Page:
Summary: Jesus doesn’t just talk the talk but walks the walk. He shows how much he cares.

Do any of you know someone who is deaf or mute? Have you ever encountered someone with whom you couldn’t communicate? Have you ever met anyone who spoke a different language? What were your reactions? How did you feel? Inadequate? Inept? Incompetent?

Last summer while I was employed at the seminary, I worked with a young man who was deaf. It was very difficult to communicate with him because I didn’t know any sign language. I had to motion to him or act things out at first. If it was something complex that I had to communicate, I had to write it out on a piece of paper. Later, he taught me the alphabet in sign language so that we could communicate better. But

still, I had to spell out every word. I felt very inadequate, inept, and incompetent. But imagine what he feels like everyday not being able to communicate with so many others.

Today’s Gospel gives us an encounter Jesus had with a person who was deaf and mute. Jesus is completely adequate for this person’s needs. His use of sign language goes beyond anything I could ever try. Let’s take a look.

Jesus had just come out of Tyre, after healing the

Syrophoenician woman. Passing through Sidon, He came to the area of Decapolis on the southeastern side of the Sea of Galilee. There, some people brought to Him a

man who was deaf and mute. They begged Jesus to lay His hands on him and to heal him of his infirmity.

We, like this man, are deaf and mute. By nature, we can’t hear the Lord calling us to do His will. We don’t listen and obey very well. We go off and do our own thing instead of listening to what He wants us to do. We get so wrapped up in our own selfcenteredness

that we can’t hear Him. We don’t take the time to hear from Him about the wonderful promises that He makes to us in His Word. We don’t tell others about the wonderful Savior we have in Jesus. Maybe we feel inept and inadequate. Maybe we feel as if we are unable to share with others the saving Gospel. For that reason, we don’t share with others the hope that lies within us. We don’t invite others to church with us. We don’t explain to others how Jesus has set us free from our bondage. We are deaf and mute.

She had gotten off the school bus and run straight for the front door. As soon as she got through the door, the tears just gushed out as if the flood gates had opened. You were doing some housework or reading the paper. You heard your daughter crying and dropped everything you were doing. Somehow, whatever you were doing wasn’t so important anymore. Your daughter needed your acceptance and love. She needed you to put your arms around her. Later, she might need someone to listen to her but at that moment all she needed to know was that you cared about her.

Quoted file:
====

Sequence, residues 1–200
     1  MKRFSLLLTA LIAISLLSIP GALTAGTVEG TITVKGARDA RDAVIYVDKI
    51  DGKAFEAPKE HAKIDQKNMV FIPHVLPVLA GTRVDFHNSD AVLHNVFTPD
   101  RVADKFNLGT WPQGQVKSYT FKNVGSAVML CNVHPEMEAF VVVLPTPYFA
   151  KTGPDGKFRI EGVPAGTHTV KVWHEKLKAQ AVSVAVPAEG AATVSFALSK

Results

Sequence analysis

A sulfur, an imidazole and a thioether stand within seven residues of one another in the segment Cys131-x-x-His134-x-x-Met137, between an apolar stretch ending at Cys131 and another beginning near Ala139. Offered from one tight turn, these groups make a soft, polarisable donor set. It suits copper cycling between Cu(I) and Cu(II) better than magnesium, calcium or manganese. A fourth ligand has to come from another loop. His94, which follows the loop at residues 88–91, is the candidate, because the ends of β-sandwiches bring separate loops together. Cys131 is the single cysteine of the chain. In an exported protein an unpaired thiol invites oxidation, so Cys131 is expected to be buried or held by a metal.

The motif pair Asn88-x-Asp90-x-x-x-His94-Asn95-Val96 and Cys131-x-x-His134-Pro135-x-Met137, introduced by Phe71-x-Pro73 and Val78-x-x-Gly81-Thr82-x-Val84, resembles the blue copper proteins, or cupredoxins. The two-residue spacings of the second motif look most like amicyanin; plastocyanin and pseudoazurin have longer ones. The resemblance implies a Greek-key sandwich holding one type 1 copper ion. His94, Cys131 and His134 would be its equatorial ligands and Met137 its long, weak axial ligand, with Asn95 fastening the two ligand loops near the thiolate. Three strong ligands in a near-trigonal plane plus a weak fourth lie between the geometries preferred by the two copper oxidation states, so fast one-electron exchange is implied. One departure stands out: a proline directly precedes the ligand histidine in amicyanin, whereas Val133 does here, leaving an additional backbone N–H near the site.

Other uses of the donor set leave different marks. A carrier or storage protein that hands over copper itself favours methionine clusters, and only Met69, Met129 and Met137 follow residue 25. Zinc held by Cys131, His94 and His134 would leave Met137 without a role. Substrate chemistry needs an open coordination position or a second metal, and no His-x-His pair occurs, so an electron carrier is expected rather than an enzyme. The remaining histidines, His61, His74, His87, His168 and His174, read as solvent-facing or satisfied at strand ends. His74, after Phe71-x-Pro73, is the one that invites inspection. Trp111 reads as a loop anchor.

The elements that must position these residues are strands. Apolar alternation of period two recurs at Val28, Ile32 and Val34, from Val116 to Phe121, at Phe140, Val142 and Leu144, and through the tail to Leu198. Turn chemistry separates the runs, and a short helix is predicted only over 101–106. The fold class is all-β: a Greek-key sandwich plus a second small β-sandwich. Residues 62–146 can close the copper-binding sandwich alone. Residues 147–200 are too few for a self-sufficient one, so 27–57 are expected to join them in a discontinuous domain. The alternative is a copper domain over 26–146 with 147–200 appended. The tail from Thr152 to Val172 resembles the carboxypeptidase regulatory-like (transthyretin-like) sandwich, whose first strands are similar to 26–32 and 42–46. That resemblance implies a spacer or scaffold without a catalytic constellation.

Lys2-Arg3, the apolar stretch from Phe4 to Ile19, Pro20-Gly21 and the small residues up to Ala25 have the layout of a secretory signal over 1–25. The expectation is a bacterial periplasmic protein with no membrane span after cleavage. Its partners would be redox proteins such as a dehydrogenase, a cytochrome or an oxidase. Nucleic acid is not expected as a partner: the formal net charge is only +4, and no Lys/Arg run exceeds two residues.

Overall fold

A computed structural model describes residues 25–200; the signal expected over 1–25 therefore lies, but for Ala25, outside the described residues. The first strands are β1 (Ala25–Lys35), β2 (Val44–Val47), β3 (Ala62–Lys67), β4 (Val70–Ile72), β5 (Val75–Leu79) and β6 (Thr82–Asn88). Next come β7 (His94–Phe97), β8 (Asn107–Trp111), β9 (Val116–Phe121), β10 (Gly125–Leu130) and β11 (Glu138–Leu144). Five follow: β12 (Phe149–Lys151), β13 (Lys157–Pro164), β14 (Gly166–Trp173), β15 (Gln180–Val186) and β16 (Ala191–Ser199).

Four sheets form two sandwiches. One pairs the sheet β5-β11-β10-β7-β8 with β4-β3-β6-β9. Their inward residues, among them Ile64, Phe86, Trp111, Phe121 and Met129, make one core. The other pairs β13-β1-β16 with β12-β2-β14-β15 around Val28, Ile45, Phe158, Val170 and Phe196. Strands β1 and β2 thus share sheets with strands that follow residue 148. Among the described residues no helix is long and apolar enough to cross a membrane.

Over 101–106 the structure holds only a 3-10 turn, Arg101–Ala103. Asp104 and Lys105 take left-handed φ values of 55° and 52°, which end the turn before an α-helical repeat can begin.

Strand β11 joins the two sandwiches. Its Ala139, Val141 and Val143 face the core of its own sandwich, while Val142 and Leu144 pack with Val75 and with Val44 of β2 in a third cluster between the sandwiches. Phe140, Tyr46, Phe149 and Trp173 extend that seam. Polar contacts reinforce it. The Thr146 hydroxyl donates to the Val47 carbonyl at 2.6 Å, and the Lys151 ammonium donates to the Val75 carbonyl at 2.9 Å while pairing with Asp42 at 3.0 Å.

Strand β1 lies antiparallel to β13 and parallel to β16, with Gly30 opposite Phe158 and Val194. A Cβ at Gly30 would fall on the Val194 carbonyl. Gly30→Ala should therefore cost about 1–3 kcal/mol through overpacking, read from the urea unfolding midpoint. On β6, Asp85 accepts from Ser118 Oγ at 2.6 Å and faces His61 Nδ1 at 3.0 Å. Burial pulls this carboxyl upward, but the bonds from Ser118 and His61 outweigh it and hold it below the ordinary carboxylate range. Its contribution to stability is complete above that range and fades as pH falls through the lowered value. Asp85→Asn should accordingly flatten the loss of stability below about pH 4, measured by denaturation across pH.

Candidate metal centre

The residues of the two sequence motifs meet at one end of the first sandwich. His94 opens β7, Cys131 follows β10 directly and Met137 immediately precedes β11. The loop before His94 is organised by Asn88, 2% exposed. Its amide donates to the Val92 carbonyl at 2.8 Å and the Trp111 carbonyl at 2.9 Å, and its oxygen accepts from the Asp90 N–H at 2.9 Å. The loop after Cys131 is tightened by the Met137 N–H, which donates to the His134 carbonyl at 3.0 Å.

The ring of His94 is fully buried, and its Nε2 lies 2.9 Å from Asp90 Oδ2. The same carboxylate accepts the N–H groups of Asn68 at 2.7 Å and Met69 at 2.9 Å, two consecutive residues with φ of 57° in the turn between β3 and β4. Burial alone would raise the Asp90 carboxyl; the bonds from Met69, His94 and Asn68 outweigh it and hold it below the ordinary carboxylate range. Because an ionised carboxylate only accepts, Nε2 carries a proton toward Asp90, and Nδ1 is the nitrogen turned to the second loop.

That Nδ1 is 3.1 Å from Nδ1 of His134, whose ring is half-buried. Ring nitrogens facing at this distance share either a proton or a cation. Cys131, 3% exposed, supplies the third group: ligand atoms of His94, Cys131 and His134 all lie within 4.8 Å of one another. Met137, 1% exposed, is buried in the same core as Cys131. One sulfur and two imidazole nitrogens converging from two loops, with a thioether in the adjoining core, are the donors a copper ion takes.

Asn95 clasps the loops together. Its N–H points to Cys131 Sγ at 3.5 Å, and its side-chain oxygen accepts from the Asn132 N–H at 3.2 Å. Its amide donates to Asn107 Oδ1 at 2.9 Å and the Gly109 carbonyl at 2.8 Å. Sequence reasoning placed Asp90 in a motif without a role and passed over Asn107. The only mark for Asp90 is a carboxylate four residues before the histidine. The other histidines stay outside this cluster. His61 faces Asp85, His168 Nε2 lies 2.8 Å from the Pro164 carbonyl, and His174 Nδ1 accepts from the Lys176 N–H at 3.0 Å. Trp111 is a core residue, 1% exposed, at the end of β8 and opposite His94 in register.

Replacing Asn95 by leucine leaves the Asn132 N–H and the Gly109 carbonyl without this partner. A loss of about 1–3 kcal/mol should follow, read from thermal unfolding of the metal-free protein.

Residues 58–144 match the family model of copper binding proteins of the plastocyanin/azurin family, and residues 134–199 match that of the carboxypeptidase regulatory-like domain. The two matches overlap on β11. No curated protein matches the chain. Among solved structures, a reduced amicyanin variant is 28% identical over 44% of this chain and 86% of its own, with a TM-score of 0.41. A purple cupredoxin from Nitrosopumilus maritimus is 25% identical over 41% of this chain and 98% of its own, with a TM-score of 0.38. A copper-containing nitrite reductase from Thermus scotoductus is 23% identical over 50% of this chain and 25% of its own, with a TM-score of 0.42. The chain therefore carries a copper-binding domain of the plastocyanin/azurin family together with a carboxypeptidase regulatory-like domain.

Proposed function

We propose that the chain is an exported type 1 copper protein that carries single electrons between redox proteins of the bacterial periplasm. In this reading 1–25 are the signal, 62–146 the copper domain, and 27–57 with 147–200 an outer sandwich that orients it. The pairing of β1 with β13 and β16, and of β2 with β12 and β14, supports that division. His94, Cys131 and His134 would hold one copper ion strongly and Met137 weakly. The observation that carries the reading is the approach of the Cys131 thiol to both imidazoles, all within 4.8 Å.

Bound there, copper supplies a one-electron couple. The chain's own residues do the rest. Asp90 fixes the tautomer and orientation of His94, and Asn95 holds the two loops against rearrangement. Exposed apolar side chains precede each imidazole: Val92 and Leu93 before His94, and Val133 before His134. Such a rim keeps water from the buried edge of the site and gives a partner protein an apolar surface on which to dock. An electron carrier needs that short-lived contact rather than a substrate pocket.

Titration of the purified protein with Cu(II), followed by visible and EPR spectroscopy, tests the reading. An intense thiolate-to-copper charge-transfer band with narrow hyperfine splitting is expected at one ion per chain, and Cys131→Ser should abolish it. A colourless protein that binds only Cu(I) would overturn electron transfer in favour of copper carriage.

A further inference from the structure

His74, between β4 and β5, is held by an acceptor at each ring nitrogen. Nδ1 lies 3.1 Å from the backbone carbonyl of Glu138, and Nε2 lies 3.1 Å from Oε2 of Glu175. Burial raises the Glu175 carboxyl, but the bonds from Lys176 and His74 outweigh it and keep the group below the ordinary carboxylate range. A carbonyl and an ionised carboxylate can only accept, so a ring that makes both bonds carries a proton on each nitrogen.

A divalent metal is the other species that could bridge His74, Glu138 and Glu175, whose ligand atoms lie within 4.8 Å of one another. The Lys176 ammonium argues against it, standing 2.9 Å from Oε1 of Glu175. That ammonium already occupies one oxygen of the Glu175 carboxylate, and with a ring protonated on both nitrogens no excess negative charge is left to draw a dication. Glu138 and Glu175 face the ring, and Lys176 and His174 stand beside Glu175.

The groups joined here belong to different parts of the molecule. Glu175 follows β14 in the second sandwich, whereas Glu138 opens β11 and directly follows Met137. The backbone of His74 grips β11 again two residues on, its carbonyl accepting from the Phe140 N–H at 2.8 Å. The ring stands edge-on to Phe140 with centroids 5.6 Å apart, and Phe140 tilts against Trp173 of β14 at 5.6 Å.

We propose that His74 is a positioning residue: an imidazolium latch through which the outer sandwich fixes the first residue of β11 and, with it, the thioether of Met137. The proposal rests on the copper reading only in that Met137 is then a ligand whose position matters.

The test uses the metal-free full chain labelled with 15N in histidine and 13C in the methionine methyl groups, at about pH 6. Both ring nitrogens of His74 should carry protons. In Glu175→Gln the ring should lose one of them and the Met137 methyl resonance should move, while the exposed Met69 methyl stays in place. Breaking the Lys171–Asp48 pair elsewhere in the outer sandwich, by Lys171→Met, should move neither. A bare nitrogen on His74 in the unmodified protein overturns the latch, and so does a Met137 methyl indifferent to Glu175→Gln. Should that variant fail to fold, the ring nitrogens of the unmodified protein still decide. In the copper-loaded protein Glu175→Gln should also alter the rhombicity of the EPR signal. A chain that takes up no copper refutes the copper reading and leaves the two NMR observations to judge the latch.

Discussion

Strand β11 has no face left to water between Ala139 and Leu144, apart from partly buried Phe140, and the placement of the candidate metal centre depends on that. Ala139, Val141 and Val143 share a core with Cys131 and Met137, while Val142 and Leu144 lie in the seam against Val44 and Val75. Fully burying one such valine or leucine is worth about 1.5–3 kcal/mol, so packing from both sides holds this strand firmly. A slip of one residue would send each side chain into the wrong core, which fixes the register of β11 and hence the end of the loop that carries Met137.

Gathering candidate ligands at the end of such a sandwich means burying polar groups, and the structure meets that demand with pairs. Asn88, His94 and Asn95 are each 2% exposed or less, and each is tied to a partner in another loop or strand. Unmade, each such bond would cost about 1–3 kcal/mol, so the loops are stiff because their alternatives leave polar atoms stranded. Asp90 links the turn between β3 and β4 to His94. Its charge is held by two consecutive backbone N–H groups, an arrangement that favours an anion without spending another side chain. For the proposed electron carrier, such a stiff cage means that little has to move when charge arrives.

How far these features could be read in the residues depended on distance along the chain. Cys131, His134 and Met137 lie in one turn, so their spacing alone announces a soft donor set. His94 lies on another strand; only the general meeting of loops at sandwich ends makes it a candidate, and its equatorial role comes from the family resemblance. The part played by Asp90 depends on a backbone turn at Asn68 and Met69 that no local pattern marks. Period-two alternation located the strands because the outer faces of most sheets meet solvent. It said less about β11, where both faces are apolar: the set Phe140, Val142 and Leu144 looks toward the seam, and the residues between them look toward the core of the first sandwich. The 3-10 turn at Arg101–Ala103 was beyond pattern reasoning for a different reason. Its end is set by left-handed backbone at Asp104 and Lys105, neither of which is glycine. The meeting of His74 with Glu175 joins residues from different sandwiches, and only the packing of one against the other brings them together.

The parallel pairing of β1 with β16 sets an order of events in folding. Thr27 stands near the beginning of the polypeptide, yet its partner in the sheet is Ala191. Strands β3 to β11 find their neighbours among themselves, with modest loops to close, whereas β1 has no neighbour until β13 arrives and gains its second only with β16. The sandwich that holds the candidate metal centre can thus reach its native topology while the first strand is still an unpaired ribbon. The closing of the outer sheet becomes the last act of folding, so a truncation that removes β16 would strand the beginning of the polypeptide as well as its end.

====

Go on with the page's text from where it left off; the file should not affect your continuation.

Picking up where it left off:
Similarly, it says in our text that Jesus took him aside from the crowd, by himself. Jesus was going to do something very important for this man. Jesus wanted

him to know that nothing else mattered but him. Jesus wanted him to know that he was loved and accepted. Jesus wanted him to know that He wasn’t doing this for the crowd. He wasn’t just showing off for them. He wasn’t trying to get the crowd to Oooh and Ahhh. This was just for him. This was Jesus showing him, you are important to me. Even if the world has pushed you aside or marginalized you, you matter to me. I

value this time that I have just with you.

And that is how Jesus feels about you. He is always ready to hear your prayer. He is always interested in hearing about your day and to dry your tears. He is always ready to receive your thanks and praise. He is always ready to hear about your disappointments. He is always there for you. He is always ready to comfort and

uphold you. In fact, even when you don’t pray, He prays for you.

Pulling him away from the crowd by himself, Jesus wanted to make sure that the deaf and mute man saw everything that was about to happen. He didn’t want him to get distracted by the crowd. This was going to be a big event. The biggest he had ever seen and Jesus did not want him to miss a thing. Not just that he could sell his story to the "Jerusalem Times" but so that he knew exactly who it was that was before


You had laid him down to sleep a few hours ago and then went to bed yourself. You awake to hear him screaming. You look at the clock. It was one o’clock in the morning. As you enter his room, the high-pitched screams get louder. You pick him up from his crib. You can’t explain to him that it was only a bad dream. You can’t reason with him that he needs to go back to sleep so that he can grow up strong and

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